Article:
Sleeping Stage

Topic2 Sleeping Stage

Since baby is always lying down and his bowel movements are runny, they may leak out from the back.

Development Approximate size Weight: 4~8kg

Body overall

He'll drink lots of breast milk or formula and take on a more baby-like roundness.


He'll start to follow moving objects with his eyes, and little by little his range of vision will grow wider.


The neck muscles will gradually grow stronger, and he'll slowly become able to hold up his own head and control its movement.


He'll put his fingers in his mouth and become able to hold toys.

Back & waist

In addition to his arms, legs, and neck, the muscles in his back are also developing.

If you lay him on his stomach, he'll soon be able to raise his neck.

This is what is meant by "holding the head up."


He'll stare intently at you, give a big smile when you soothe him, and start to show a wide range of other expressions.


Until about 2 months after birth, the hormones baby received in his mother's womb may cause sebum to be secreted, so baby's skin maybe oily. Once those hormones are depleted, your baby's skin becomes dry. Since baby's skin is thin, it doesn't retain moisture well and is easily damaged. If large amounts of sweat, milk, or saliva remain on dry skin, baby will be prone to develop a skin irritation. His skin may quickly turn red or break out in a rash, or he may develop a heat rash or eczema.

So it's important to keep the skin clean and also to moisturize it.

Breastfeeding, formula

Baby times his breathing to match his mothers, and he becomes really good and efficient at drinking. Nursing times become more regular, with feedings now 3-4 hours apart, and the amount baby drinks in one feeding also increases. Some moms may worry when the amount baby drinks in one feeding varies, but as long as he is gaining weight, there's no problem! However, if baby is keeping his mouth on the breast but just taking occasional sips, limit feedings to 20 minutes each and let baby become hungry before the next feeding.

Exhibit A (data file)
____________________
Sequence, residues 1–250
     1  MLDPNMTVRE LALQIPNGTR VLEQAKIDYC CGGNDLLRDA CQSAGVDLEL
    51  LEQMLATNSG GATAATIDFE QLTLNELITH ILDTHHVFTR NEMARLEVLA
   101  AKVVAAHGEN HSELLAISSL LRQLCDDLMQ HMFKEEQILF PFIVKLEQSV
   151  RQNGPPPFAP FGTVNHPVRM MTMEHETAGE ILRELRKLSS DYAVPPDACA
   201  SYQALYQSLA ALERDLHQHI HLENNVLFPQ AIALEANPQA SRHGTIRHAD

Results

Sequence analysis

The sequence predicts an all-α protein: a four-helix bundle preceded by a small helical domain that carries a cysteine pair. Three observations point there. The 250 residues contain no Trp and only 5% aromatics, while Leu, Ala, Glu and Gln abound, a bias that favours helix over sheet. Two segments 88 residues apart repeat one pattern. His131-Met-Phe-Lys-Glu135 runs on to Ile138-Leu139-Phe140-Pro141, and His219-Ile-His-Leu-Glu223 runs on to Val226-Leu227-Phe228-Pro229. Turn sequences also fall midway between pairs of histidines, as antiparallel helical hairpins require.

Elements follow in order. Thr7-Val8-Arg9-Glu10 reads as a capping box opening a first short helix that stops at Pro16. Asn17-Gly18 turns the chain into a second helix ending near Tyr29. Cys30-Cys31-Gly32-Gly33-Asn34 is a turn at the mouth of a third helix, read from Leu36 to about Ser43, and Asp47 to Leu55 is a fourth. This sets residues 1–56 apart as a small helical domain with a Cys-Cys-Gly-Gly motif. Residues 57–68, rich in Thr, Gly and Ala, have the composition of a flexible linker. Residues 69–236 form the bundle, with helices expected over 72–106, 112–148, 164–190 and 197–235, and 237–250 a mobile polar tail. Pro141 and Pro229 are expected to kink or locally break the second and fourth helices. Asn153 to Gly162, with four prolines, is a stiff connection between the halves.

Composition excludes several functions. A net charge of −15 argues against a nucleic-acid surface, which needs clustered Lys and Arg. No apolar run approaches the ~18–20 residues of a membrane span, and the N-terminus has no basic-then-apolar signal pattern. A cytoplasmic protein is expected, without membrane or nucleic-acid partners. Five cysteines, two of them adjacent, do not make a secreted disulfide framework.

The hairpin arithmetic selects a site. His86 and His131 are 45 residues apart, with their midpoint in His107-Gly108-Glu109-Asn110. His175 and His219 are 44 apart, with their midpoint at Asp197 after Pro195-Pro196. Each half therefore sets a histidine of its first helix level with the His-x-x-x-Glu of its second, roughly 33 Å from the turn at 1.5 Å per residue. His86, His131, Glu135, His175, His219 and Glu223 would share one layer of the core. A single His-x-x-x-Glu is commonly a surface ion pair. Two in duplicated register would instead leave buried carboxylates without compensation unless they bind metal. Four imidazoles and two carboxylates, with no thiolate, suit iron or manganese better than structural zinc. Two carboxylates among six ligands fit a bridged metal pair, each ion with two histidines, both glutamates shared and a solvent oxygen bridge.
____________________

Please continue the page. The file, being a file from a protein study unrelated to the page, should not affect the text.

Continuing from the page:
If at any stage you are concerned or have questions, please consult your doctor.


About 1 month after birth, he'll graduate from the baby bathtub. Now he can get in the bathtub with mom or dad!  If the temperature is too low in the changing room or bathing area, or if the water is too hot, baby may start to cry. Being unaccustomed to a large bathtub may also make him feel insecure and get fussy. If that happens, just hold baby gently but firmly. While his neck and body are still unsteady, wash him in a securely held position such as on your knee or on a mat. Baby gets dirty from sweat and such even in places you can't see, such as behind the ears, the neck, the underarms, and constricted areas like the wrists and ankles. Be sure to wash and rinse him well.

So before getting in the bath, be sure to check and adjust the temperature of the bathroom and the water.

Clothing changes

At this age, baby starts to move his arms and legs more, so his shirt and pants often hike up and expose his skin. Overalls or one-piece garments with the legs separated are convenient at this age. Clothes that allow baby's hands to stick out from his sleeves are also good. In bed, undergarments alone are fine. After baby has nursed or cried, his body perspires a lot. Put your hand on his back and if it's sweaty, change his undergarment to keep him from catching a chill.

So you'll need to be careful not to overdress baby.

A baby's day

Once a nursing rhythm is established, baby will sleep longer periods at a time, and his total sleep time will also get longer. Once he can hold his head up, give him opportunities to get in touch with nature by carrying him outside or taking him for a walk in a stroller. Experiencing things like sunshine, wind, and the smell of the trees will provide good stimulation. However, remember that baby still does not have much stamina or immunity, so avoid crowds and keep outings short. Don't forget to keep the sun off baby as much as possible by using an awning on the stroller, a hat, or an umbrella, etc.

So start out close to home at first, and enjoy taking walks without overdoing it.

Once he can hold his head up and turn over, sitting up is not far behind!

update : 19.09.2017

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